Building the proposed structure would have required the removal of all existing structures on the site, which include 33 commercial or mixed use structures, two churches, and 31 residential buildings. All residents and businesses were to be displaced. Although the City was treating the site as an urban renewal area and intended to use eminent domain to acquire the land if the project was approved, IKEA attempted to purchase the individual properties independently. In April 2000, IKEA began acquiring property at its own risk without having secured project approval from the City. The company's first property acquisition was the purchase of nearly two acres of land from Gerard Daniel & Company, for which IKEA paid $2 million. IKEA intended to relocate each resident and business owner to another home or business space in or near the New Rochelle area.

According to IKEA's estimates, the company would have paid $1.9 million annually in property taxes for the store, of which $245,000 would have gone to Westchester County; $64,000 to the New Rochelle Sewer District; $395,000 to the City of New Rochelle; and $1.2 million to the New Rochelle School District. The present occupants of the area pay a total of $683,000 in property taxes annually. IKEA waived the ten year property tax abatement offered as an incentive by the City of New Rochelle.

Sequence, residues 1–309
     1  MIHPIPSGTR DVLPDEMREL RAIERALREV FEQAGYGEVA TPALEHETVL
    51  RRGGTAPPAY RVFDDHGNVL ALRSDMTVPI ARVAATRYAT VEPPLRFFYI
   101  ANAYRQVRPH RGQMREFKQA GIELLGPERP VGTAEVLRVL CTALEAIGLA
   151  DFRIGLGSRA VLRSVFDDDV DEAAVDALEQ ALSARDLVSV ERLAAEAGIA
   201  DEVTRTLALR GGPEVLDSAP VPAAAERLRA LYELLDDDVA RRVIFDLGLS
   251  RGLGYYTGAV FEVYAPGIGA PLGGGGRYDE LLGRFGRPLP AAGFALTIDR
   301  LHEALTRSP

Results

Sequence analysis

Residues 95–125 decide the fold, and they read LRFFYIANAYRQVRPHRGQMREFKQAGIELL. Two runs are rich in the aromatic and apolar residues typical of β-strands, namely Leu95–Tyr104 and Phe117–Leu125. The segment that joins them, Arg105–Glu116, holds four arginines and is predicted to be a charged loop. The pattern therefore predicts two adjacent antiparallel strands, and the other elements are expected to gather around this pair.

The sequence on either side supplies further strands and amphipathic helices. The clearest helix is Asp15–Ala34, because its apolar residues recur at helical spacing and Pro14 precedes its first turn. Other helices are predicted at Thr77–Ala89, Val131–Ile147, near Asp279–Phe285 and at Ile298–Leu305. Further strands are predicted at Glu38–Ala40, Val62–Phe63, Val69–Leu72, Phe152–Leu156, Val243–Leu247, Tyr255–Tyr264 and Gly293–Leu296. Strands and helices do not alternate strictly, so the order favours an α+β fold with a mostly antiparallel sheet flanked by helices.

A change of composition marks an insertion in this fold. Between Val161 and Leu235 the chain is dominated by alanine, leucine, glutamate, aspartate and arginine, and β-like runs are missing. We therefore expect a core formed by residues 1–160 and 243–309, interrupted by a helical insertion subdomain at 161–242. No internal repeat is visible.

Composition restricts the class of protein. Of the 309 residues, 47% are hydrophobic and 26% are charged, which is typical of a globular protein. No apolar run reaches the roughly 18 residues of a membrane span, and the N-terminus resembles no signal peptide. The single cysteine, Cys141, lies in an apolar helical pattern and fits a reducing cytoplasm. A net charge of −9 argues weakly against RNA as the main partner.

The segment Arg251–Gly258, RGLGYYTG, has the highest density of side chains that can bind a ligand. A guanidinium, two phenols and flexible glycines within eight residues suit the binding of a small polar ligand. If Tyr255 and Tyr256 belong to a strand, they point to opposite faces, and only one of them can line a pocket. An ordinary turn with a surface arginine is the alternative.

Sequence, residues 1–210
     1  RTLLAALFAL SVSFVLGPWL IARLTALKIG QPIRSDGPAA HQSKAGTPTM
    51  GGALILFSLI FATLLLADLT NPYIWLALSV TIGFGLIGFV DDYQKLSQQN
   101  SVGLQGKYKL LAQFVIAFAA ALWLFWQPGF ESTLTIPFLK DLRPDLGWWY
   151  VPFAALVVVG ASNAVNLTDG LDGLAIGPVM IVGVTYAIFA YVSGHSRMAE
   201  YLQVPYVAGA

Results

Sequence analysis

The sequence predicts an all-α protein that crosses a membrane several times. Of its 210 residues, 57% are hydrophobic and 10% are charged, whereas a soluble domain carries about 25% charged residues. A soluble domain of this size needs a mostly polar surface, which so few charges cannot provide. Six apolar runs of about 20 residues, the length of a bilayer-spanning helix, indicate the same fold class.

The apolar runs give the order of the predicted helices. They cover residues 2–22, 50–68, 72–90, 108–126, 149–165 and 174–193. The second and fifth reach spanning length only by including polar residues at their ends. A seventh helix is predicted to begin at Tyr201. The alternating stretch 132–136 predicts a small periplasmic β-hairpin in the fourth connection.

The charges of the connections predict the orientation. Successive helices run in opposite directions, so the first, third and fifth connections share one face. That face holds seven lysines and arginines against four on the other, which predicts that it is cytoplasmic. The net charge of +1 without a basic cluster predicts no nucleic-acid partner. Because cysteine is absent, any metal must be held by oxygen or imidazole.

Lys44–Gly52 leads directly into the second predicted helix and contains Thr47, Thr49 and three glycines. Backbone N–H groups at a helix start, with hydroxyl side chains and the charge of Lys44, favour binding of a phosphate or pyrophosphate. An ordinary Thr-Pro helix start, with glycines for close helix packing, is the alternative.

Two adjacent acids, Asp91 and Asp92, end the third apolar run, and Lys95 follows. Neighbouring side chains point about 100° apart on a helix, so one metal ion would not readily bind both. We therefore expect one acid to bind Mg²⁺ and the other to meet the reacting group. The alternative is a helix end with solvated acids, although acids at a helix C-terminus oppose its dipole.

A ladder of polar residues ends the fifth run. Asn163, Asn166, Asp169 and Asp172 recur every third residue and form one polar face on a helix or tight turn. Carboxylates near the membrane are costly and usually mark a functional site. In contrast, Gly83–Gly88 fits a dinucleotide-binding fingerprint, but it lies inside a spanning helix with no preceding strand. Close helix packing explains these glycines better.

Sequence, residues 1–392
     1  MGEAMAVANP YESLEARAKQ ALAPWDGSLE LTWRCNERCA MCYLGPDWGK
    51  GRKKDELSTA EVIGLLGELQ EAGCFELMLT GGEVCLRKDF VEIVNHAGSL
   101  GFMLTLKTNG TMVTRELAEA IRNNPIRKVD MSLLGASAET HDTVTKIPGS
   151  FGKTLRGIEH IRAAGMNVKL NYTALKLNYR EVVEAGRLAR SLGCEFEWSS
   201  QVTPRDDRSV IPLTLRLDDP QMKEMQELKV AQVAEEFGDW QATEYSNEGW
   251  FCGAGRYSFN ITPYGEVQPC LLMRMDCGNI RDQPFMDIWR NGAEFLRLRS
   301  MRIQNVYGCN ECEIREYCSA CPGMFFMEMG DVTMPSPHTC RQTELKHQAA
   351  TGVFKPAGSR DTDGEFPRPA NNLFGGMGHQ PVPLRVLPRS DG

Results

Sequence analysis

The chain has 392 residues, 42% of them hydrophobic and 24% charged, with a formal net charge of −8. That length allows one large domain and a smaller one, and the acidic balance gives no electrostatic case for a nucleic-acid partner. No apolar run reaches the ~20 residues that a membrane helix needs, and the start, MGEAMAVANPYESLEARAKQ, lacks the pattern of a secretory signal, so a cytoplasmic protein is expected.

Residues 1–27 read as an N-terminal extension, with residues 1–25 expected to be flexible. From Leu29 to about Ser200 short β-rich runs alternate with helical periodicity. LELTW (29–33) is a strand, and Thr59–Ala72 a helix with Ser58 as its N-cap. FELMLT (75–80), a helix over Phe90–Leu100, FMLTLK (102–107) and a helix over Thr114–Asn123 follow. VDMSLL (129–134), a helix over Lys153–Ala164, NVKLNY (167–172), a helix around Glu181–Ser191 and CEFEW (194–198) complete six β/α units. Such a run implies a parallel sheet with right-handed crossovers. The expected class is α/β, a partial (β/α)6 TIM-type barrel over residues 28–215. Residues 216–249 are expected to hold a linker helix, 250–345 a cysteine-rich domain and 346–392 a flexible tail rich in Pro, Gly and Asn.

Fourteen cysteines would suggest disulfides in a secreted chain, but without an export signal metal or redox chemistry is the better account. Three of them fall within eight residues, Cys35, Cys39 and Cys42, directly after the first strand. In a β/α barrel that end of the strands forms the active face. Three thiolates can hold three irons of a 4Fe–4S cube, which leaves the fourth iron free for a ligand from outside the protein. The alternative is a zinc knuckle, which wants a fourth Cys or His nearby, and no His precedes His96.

IKEA estimated that the proposed store would have generated a total of $7.59 million in sales tax revenue, $3.68 million of which would have gone to New York State; $1.38 million to Westchester County; $2.3 million to the City of New Rochelle; and $230,000 to the Metropolitan Transportation Authority. (these figures come from Gdula's visit)

The proposed store was to employ approximately 350 workers, 180 of which would be part-time. Clearing the site for the store would likely have resulted in a net loss of employment in the area. The DEIS identified 33 businesses and gave employment counts for only 26 of these. According to data from Cushman & Wakefield and a Claritas Business Facts Report, these 26 businesses employ a total of between 327 and 347 people. As an evaluation of the DEIS by Abeles Philips pointed out, these employment figures leave out nearly a quarter of the businesses in the redevelopment area. If all businesses were included, the total numbers of jobs could be 20-25% higher than the number given in the DEIS.

The dramatic increases in traffic volumes that the proposed store would have drawn were a major concern both to IKEA and the community. According to the DEIS, the proposed store would have generated 183 inbound and 172 outbound car trips during the Friday PM peak hour (5:00 - 6:00 pm). On Saturdays, it would have generated 740 inbound and 567 outbound trips during the midday peak hour (2:30 - 3:30 pm) and 638 inbound and 869 outbound trips during the PM peak (4:00 - 5:00 pm). During sale weeks, which occur about 10% of the year, inbound traffic during the Saturday midday peak would have reached nearly 1,000 cars.